Alberta Travel Guide
Superlatives are added by the truckload to promotional descriptions of any of Canada’s provinces. However, if there’s any destination in Canada to which hyperbolic references are genuinely unnecessary, it’s Alberta. Sandwiched between British Columbia and Saskatchewan in the west of the country, this is a province that genuinely wins a wad of medals for having ‘the biggest’ and ‘the largest’ of many things.
The provincial capital, Edmonton, is also the cultural capital of the province, with numerous museums, art galleries, parks and gardens to its credit. A number of lively festivals also pack in the cultural themes and give Edmonton the nickname ‘Festival City of Canada’. The annual Fringe Festival, the biggest event of its kind in North America, is the highlight of the calendar.
Edmonton is also home to the West Edmonton Mall, a shopping centre of truly epic proportions, featuring restaurants, nightclubs, theatres, museums, mini golf, an ice rink, a swimming pool and an amusement park. Oh, and there’s the odd shop or two here as well. Continuing with the superlatives, Fantasyland in Edmonton is the world’s largest indoor amusement park and a great place to dump the kids for the day.
Calgary, another of the province’s major cities, is considered the eastern gateway to the Rocky mountains and is a vibrant metropolis bursting at the seams with attractions. A glut of visitors arrive here in July for the Calgary Stampede, a major rodeo event that gets everyone donning their ten gallon hats and giving their heartiest ‘yee-haas’.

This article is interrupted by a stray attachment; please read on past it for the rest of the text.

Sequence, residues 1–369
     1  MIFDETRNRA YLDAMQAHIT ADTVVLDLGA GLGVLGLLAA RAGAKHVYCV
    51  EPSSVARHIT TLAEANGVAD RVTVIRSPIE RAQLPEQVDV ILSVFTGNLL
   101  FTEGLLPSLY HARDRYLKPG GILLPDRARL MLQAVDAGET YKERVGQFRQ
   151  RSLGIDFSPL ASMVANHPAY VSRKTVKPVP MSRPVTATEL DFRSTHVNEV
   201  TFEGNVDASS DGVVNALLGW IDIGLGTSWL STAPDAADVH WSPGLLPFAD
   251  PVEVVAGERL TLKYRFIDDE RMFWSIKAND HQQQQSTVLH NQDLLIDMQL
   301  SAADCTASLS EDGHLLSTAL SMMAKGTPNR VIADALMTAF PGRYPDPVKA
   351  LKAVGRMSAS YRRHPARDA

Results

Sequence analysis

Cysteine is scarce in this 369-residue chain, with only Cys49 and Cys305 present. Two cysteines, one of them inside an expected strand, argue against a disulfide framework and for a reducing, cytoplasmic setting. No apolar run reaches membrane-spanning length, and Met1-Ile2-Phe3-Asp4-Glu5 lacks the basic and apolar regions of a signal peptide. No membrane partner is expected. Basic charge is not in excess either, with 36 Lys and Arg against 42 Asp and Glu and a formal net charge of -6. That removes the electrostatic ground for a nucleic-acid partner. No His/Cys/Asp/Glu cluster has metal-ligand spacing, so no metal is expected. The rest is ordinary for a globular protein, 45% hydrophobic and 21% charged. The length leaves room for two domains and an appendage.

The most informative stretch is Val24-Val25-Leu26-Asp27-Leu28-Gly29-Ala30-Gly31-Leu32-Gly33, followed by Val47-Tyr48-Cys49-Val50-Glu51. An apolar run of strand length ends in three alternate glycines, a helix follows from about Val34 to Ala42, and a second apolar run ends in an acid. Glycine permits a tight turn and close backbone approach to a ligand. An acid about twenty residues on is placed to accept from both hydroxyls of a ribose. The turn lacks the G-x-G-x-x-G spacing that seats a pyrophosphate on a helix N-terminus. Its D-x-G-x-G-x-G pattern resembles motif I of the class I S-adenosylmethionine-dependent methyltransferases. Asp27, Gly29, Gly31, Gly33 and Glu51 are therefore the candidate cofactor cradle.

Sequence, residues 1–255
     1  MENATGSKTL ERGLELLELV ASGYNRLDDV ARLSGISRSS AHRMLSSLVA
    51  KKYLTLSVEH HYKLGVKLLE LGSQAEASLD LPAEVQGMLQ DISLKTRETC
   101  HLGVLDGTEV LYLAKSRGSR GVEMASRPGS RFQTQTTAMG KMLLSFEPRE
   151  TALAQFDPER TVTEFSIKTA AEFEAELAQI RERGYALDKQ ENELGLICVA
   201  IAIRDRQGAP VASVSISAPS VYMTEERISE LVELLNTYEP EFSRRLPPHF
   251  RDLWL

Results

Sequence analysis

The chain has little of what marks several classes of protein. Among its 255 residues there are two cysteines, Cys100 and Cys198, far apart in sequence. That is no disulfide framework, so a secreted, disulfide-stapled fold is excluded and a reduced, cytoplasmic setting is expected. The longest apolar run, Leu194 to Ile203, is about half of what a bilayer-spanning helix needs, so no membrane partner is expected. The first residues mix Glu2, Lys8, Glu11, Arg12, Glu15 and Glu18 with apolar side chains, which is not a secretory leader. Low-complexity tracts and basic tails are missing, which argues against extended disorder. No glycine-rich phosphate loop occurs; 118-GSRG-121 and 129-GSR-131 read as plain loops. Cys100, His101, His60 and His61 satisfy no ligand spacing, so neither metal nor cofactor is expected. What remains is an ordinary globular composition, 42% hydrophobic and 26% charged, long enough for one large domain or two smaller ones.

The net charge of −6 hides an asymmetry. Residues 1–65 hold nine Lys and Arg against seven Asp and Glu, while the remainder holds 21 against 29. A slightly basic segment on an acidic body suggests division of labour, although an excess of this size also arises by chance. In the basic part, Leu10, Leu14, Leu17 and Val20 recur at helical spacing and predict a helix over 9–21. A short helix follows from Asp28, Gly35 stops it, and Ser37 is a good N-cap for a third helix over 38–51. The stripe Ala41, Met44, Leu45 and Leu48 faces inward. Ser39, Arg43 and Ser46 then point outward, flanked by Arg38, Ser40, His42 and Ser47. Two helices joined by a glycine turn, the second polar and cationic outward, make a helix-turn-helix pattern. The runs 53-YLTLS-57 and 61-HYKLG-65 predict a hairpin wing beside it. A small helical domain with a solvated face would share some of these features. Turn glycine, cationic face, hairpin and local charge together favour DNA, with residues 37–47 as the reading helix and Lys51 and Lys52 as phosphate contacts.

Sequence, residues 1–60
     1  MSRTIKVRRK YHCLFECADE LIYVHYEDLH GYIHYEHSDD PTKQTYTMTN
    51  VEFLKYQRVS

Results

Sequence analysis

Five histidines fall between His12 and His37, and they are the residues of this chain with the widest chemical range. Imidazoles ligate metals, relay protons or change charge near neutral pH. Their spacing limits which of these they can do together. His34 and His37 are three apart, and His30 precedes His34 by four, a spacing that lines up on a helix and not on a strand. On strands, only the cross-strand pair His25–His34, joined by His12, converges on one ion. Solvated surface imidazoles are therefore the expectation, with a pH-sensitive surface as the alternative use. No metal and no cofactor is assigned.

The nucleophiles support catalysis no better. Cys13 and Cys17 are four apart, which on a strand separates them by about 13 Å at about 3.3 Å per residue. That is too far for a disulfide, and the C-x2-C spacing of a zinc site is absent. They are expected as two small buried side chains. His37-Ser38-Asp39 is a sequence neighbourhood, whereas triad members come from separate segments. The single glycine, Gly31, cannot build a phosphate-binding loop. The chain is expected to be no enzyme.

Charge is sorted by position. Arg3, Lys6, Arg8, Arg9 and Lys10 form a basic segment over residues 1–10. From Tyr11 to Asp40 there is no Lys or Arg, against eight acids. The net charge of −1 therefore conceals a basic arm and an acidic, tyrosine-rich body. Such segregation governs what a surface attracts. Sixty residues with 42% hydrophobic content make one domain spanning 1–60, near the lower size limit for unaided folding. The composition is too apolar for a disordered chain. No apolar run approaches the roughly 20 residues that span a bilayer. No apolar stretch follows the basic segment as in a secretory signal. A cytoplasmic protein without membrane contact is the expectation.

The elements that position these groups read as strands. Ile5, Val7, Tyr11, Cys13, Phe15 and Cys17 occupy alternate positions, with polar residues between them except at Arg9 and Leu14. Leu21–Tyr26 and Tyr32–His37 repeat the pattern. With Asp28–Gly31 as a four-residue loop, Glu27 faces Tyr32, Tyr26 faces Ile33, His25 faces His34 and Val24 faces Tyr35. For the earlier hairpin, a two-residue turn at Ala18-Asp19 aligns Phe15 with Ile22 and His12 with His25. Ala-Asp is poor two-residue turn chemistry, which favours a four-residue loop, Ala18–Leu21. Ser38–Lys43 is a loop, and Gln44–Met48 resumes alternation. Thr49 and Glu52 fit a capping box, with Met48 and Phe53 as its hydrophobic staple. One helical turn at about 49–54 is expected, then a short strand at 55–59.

The Chinook Centre is the biggest attention grabber in Calgary’s city centre, with its 200 retail outlets, restaurants and movie screens. The Calgary Zoo and Prehistoric Park, suitable for children, gives kids and young-at-heart adults alike the chance to enjoy creatures of the wild—both living and extinct. A botanical garden at the same facility caters to those with horticultural leanings.
Don’t overdo the urban thing in Alberta, as you run the risk of missing out on the Rockies, which are arguably the province’s greatest attraction. There are numerous locations at which to appreciate the beauty of this awesome mountain range, with the various national parks providing some of the best vantage points.
There are five national parks within the mountain range, two of which have been designated as World Heritage sites by UNESCO. The Banff National Park is the primary tourist hub for the Rocky mountains and the best location to use as a base from which to explore the area. Jasper National Park is the other main park encompassing the Canadian Rockies. With a whopping 300,000 square kilometers of wilderness within the park’s boundaries, you could only hope to see a fraction of the park during your stay.
Thoughin northern Alberta is not a part of the Rockies, it hardly needs to be when it covers an area bigger than Switzerland and leaves other contenders looking like mere blips in the battle for the title of Canada’s biggest national park. The park is renowned for its vast range of animal inhabitants, which includes the largest herd of free-roaming bison on the planet.